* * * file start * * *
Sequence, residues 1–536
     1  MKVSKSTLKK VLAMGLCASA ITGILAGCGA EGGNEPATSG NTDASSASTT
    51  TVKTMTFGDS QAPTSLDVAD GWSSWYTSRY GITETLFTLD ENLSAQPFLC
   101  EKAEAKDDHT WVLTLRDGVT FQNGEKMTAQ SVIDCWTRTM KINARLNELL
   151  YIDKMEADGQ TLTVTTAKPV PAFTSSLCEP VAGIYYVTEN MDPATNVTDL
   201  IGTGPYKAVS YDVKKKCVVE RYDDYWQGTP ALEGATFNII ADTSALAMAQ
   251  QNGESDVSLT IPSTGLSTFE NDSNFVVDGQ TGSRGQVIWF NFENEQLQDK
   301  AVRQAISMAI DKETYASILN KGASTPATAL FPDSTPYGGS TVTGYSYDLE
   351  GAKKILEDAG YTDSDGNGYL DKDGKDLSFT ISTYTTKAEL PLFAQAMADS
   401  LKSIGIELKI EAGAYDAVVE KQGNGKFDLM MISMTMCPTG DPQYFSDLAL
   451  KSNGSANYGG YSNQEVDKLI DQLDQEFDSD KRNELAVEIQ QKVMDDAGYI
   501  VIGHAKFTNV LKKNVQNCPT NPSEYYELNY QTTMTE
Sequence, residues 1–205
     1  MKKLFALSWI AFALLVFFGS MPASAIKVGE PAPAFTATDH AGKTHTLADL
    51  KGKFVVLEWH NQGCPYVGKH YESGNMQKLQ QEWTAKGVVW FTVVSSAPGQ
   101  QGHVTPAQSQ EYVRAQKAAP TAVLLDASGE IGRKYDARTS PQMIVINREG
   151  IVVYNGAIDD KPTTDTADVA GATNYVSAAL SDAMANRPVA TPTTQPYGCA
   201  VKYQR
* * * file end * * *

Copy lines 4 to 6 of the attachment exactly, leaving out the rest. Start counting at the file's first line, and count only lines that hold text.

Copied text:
   101  EKAEAKDDHT WVLTLRDGVT FQNGEKMTAQ SVIDCWTRTM KINARLNELL
   151  YIDKMEADGQ TLTVTTAKPV PAFTSSLCEP VAGIYYVTEN MDPATNVTDL
   201  IGTGPYKAVS YDVKKKCVVE RYDDYWQGTP ALEGATFNII ADTSALAMAQ